Inadequate sleep hygiene

Raman Malhotra MD (Dr. Malhotra of Washington University School of Medicine in St. Louis has no relevant financial relationships to disclose.)
Antonio Culebras MD, editor. (

Dr. Culebras of SUNY Upstate Medical University at Syracuse received an honorarium from Jazz Pharmaceuticals for a speaking engagement.

Originally released March 5, 2001; last updated December 26, 2017; expires December 26, 2020


Inadequate sleep hygiene entails the behaviors, practices, rituals, and habits that result in sleep onset or maintenance difficulties and unrefreshing sleep. It is prevalent across all age groups from young children to the elderly. Consensus statements have been published by the American Academy of Sleep Medicine and Centers for Disease Control in regards to recommended duration of sleep for both the pediatric and adult populations (Consensus Conference Panel et al 2015; Paruthi et al 2016). In our present society, we embrace a culture of taking liberties with our sleep in order to get better grades in school, be more productive, or fulfill social or official obligations. This leads to behaviors and habits that then make it difficult to fall asleep or stay asleep through the night. This can result in chronic sleep complaints, as well as daytime fatigue and sleepiness. In addition, poor sleep hygiene has been shown to worsen other comorbid psychiatric and neurologic disorders. Electronic device use before or during bedtime, especially in young adults, is becoming more common and has been associated with higher risk of poor sleep. Recognition, counseling, and therapeutic strategies can result in increased sleep quantity, improved sleep quality, and improved daytime functioning. In this article, the author discusses the presentation, impact, and treatment of inadequate sleep hygiene.

Key points


• Staying in bed for longer than 20 minutes or trying to force sleep may increase latency to sleep.


• Exposure to light (such as from screens associated with televisions, computers, mobile phones, handheld video games, or tablet devices) prolongs latency to sleep.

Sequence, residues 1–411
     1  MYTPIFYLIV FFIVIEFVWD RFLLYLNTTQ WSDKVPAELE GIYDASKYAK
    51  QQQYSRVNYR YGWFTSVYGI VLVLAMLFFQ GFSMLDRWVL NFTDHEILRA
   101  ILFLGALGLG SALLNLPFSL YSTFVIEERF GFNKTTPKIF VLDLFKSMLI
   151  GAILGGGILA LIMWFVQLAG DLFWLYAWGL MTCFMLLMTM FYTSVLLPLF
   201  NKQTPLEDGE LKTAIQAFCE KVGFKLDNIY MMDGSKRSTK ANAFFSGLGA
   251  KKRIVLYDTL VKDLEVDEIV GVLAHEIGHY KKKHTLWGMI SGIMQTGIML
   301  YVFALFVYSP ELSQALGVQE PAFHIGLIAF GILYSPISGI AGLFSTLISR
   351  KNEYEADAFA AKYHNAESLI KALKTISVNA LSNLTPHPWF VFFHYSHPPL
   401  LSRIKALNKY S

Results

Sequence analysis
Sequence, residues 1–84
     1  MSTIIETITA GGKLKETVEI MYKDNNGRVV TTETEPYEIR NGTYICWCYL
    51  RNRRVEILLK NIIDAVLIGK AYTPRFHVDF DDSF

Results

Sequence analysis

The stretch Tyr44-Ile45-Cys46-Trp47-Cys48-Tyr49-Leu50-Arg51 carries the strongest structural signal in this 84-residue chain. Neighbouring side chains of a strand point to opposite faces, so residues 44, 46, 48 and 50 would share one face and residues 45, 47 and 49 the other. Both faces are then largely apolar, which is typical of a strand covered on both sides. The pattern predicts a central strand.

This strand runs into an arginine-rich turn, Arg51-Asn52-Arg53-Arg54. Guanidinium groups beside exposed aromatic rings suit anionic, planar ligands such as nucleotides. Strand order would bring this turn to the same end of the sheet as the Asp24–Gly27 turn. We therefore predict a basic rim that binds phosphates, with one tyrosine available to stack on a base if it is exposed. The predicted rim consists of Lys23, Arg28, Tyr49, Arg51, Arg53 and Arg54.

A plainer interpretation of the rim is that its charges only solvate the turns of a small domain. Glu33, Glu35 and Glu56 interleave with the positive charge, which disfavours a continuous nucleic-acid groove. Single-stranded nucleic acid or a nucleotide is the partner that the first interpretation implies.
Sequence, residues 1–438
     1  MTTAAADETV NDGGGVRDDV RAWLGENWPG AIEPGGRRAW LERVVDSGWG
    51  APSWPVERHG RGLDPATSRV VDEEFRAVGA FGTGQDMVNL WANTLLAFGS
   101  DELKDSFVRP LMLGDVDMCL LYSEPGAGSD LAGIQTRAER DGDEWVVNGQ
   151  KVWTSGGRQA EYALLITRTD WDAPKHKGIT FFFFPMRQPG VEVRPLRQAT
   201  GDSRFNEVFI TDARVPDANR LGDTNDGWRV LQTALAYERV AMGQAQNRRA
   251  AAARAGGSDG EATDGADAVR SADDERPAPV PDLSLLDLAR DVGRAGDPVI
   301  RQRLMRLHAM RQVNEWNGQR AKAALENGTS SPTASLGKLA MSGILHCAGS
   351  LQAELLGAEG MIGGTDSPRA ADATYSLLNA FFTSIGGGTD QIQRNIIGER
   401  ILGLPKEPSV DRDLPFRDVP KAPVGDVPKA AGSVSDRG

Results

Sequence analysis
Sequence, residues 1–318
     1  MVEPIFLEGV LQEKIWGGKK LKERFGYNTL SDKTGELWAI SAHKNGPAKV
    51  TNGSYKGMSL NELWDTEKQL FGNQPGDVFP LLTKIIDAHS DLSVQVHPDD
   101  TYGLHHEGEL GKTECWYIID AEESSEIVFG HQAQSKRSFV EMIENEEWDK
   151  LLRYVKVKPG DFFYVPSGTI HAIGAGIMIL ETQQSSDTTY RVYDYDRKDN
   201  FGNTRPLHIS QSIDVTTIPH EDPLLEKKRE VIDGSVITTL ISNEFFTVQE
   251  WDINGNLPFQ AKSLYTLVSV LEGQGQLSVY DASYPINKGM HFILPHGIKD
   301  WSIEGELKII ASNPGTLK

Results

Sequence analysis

• Frequent daytime napping or napping late in the evening often results in sleep-onset difficulties.


• As the components of sleep hygiene, including bedtime routine, bed time, and wake up times, are individual-specific, it is important to keep in mind that the treatment for inadequate sleep hygiene must also be individually tailored.

Historical note and terminology

Sleep hygiene has been mentioned as far back as 1864 by Italian neurologist, Paolo Mantegazza, in one of his books (Gigli and Valente 2013). In the 2014 revised edition of the International Classification of Sleep Disorders (ICSD-3), inadequate sleep hygiene is classified as a subtype of chronic insomnia (American Academy of Sleep Medicine 2014). The ICSD-3 was designed to establish a set of diagnostic criteria for establishing a clinical diagnosis. Inadequate sleep hygiene, as stated in the ICSD-3, is presumed to result from or be sustained by daily living activities that are inconsistent with the maintenance of good-quality sleep and normal daytime alertness. Patients with this form of insomnia have ongoing sleep/wake difficulties as a function of practices such as daytime napping, maintaining a highly variable sleep/wake schedule, routinely using sleep-disruptive products (caffeine, tobacco, alcohol) too close to bedtime, engaging in mentally or physically activating or emotionally upsetting activities too close to bedtime, routinely using the bed and bedroom for activities other than sleep, or failing to maintain a comfortable environment for sleep. The Diagnostic and Statistical Manual of Mental Disorders, fifth edition (DSM-5), also includes discussion of inadequate sleep hygiene within the insomnia disorders section.

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